Actually, I think maybe the change in Obayashi's movies takes place around the time of Sada, a movie I haven't watched all the way through, but upon skipping through it tonight, there are a lot of scenes shot on what look like very small soundstages. The lighting is garish in a way not present in his earlier movies, because they were shot primarily on location, in larger environments. Sada looks cramped and uncomfortable (I'm still going to watch it), and Obayashi's films of the 21st century in general have that same feeling to them. Obayashi's effects looked chintzy in the 80s, but because they were handmade––because a certain quality of light fell upon the figures in the effects, mediated by distance from the camera lens––they had a kind of hand-made charm to them. Then, as he shoots in smaller locations, eventually on digital, he does the same kind of effects, to a very different effect. So the more recent films have this flat, but uncomfortably crisp look to them, perhaps brought about by being filmed in tight spaces, under less advantageous lighting conditions. The musicians that travel through Seven Weeks are garishly mapped onto B-roll of various settings––they look uncertain of where they're supposed to be. Characters in Casting Blossoms Into the Sky and Hanagatami leer close to the camera, while a cut-and-paste moon is superimposed behind them. It doesn't look charming anymore––it looks claustrophobic. It's also clear just from the trailers that Obayashi's preoccupation with death––a lingering chill in the background of films like Emotion: Dracula's Legendary Afternoon, The Deserted City, His Motorbike Her Island, Bound for the Fields the Mountains and the Seacoast, and Lonelyhearts (Chizuko's Little Sister is an exception and a harbinger of things to come––a cute, fun movie about emerging adolescence made strained and misshapen by the extraordinary pain of the elder sister's death scene; The Discarnates, or, Summer Among Ghosts, has a kind of miserable grimness made alien by its presentation as a Poltergeist–style chiller)––has taken over in these later movies. One of these later films is about a widower dealing with grief meeting a man whose wife is in a coma, and stuff like that. Several of these seem to involve vivid parades of the dead, or ships taking the dead to some kind of afterlife. There's an early speech in Seven Weeks about people dying and being replaced by new people living. There's constant images of the atom bombs. Older actors play young students, grimacing next to teenage actors who are supposed to be their peers. Scenery to Remember is literally about a woman dying, returning to her hometown for closure but only finding the sting of imminent death. Each film in this later cycle seems aimed at morbidity for its overall tone. It all seems to suggest that the claustrophobia of the visuals in the later movies is meant to imply the closeness of death. These later movies look unrelentingly grim. No less inventive than the earlier films, but not as fun–looking. There is only the weakest sense of mitigating nostalgia in the more recent films, especially when you don't have the distance of the earlier films, which allow you to see the world of Onomachi in the 80s and early 90s. The new films look to embody what I would consider Obayashi's most overt overemphasis from those earlier movies. I am not really looking forward to seeing them.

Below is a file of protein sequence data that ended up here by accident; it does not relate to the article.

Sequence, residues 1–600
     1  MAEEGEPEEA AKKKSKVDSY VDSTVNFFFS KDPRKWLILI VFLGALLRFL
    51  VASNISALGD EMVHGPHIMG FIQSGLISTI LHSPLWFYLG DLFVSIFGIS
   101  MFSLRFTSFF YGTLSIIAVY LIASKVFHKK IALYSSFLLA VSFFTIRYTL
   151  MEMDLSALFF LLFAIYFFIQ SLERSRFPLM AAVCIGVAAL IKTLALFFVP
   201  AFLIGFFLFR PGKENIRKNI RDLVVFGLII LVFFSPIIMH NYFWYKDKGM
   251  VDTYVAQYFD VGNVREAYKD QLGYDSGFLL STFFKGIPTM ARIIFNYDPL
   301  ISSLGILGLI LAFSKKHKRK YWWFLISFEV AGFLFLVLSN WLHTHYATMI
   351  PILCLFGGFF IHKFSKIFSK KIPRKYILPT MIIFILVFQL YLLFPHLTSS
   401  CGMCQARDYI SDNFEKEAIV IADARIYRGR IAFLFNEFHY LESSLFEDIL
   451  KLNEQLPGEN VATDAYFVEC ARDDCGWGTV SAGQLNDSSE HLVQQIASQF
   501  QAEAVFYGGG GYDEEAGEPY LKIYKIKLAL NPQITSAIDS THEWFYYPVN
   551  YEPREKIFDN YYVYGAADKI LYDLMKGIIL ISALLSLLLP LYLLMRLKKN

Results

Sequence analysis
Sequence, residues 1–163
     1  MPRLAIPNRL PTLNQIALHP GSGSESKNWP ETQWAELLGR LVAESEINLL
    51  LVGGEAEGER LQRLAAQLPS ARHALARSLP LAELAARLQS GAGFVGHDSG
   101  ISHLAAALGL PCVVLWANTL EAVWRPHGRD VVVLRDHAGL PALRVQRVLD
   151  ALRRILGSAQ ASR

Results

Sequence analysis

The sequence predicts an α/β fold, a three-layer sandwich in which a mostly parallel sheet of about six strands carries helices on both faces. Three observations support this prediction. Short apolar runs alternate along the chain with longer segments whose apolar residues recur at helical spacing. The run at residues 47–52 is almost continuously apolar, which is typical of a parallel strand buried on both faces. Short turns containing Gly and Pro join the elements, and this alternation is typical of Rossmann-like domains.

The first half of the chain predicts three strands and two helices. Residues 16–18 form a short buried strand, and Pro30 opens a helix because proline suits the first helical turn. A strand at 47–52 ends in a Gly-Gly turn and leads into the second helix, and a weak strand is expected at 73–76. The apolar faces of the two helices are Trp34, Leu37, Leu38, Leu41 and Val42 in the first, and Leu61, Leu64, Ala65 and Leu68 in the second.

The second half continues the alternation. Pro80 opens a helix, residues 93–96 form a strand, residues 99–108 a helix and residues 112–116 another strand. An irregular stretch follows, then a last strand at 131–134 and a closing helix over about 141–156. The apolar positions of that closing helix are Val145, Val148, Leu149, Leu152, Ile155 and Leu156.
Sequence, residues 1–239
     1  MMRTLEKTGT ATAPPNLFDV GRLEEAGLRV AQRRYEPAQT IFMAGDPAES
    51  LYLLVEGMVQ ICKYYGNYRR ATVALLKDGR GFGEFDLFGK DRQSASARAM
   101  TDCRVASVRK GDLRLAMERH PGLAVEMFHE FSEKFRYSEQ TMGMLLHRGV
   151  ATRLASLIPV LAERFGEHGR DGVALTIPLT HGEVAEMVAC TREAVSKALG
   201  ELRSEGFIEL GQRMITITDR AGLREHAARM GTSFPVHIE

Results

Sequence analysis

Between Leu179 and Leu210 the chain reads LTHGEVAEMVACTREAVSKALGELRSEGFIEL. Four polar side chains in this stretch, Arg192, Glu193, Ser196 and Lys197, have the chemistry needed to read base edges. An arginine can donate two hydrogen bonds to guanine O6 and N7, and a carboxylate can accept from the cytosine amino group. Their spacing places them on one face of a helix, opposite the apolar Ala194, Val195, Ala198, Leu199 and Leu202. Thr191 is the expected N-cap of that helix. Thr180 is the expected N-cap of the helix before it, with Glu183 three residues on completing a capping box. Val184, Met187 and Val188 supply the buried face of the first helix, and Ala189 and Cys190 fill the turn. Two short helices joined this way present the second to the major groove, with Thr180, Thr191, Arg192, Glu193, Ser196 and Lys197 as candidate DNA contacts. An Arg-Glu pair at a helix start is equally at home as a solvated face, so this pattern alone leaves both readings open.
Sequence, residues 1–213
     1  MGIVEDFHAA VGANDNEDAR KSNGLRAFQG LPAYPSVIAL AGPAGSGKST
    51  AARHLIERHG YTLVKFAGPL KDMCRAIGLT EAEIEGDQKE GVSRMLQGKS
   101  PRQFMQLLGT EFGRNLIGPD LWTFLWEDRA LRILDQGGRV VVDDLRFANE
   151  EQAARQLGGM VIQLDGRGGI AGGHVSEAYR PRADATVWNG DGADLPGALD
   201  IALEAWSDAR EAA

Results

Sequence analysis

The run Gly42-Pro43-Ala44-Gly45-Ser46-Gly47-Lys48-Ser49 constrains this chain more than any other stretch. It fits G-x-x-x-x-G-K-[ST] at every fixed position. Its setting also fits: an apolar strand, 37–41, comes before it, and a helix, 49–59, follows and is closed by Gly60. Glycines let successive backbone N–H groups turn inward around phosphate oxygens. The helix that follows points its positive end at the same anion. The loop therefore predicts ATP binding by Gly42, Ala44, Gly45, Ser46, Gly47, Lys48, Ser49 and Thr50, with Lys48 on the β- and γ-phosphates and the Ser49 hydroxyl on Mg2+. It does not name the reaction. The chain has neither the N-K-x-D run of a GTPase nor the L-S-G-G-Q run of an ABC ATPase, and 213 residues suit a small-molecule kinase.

But I plan to see them all this week! COVID goals. I've rounded up a bunch of Obayashi movies I haven't been able to see before, spanning his entire career. I plan to go through them all. By the time I'm done I hope to have seen: